The Leaves, Hey Joe
California’s the Leaves – never you mind what kind – went the garage-folk route. Quite the cool little hybrid. The title track was a grassier version, you might say, than something like Hendrix’s take on the standard later in the year, but rare was the garage band who would tackle Dylan, and tackle Dylan well, as the Leaves did with “Love Minus Zero/No Limit,” a single commonly appended to the original LP as a bonus track. Their cover of Arthur Alexander’s “You Better Move On” is Deep South American rhythm & blues, via English Northern soul, flecked with let’s-cut-class California sunshine.
The Music Machine, (Turn On) the Music Machine
Some songs, like the Pistols’ “Anarchy in the U.K.” and the Who’s Leeds version of “My Generation,” just make you say, “what the fuck was that?” the first time you hear them. Sean Bonniwell‘s “Talk Talk,” from this L.A. band’s debut, is one of those songs. These guys come off as total nutters at times. Like on a cover of Neil Diamond’s “Cherry, Cherry,” or a version of the Beatles’ “Taxman” that sounds like the original has been forced to take Valium and then get stomped on by a group of nascent L.A. art punks.
Question Mark and the Mysterians, 96 Tears
Hailing from Saginaw, Michigan, Rudy Martinez, lead singer of this group of organ-loving oddities, claimed to be from Mars, but if you were from Mars, would you really write a song, in the title track, which inverts the 69 sexual position and turns it into a symbol for teenage heartbreak? Who knows. These Tex-Mexers were pretty foul, but sufficiently adept that they could handle a blues like T-Bone Walker’s “Stormy Monday,” which betters the Them version. And hey, “96 Tears” hit Number One on the charts, which was quite the bedpost notch for the garage crowd as a whole.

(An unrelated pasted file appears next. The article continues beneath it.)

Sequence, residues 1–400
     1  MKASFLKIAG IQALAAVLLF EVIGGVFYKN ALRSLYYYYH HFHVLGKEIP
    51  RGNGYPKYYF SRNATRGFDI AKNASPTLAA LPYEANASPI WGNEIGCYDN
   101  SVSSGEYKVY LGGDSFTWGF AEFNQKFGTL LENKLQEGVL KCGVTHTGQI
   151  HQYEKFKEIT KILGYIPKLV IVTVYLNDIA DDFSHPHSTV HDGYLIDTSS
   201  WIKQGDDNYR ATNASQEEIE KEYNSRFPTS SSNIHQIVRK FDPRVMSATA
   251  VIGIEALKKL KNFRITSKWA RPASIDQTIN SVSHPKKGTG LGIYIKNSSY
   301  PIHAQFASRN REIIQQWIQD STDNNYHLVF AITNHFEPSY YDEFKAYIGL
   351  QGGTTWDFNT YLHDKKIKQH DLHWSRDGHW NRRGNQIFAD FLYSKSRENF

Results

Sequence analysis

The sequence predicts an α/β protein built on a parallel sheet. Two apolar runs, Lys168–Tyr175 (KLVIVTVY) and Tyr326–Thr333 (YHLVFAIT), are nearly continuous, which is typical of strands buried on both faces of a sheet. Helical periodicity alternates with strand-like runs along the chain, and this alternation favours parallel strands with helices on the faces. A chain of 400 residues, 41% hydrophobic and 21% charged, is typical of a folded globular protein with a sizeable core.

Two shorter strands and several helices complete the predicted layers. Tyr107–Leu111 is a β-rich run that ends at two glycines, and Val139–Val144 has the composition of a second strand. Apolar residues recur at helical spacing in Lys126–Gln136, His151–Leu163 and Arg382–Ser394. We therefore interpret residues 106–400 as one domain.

The Standells, Dirty Water
Long before it was a song played as the Red Sox walked off the field after a Fenway Park win, the title cut off the Standells’ debut was a catchy-as-fuck ode to BU coeds along the banks of the River Charles – gotta love the “classy” English phraseology – who had such early curfews. Never mind that the L.A. band hadn’t been east of the Mississippi. The song also offers a cautionary tale: It can be easy, with a garage band known for a huge hit, to think they had nothing else. This LP, though, is loaded with irascible, edgy cuts, like the blue-balls lament that is “Little Sally Tease,” and the strangely heart-rending “Why Did You Hurt Me?” You know that time after a dance when you saw the football star out back being consoled by his lineman buddy because his girl dropped him? This is a song for moments and memories like that.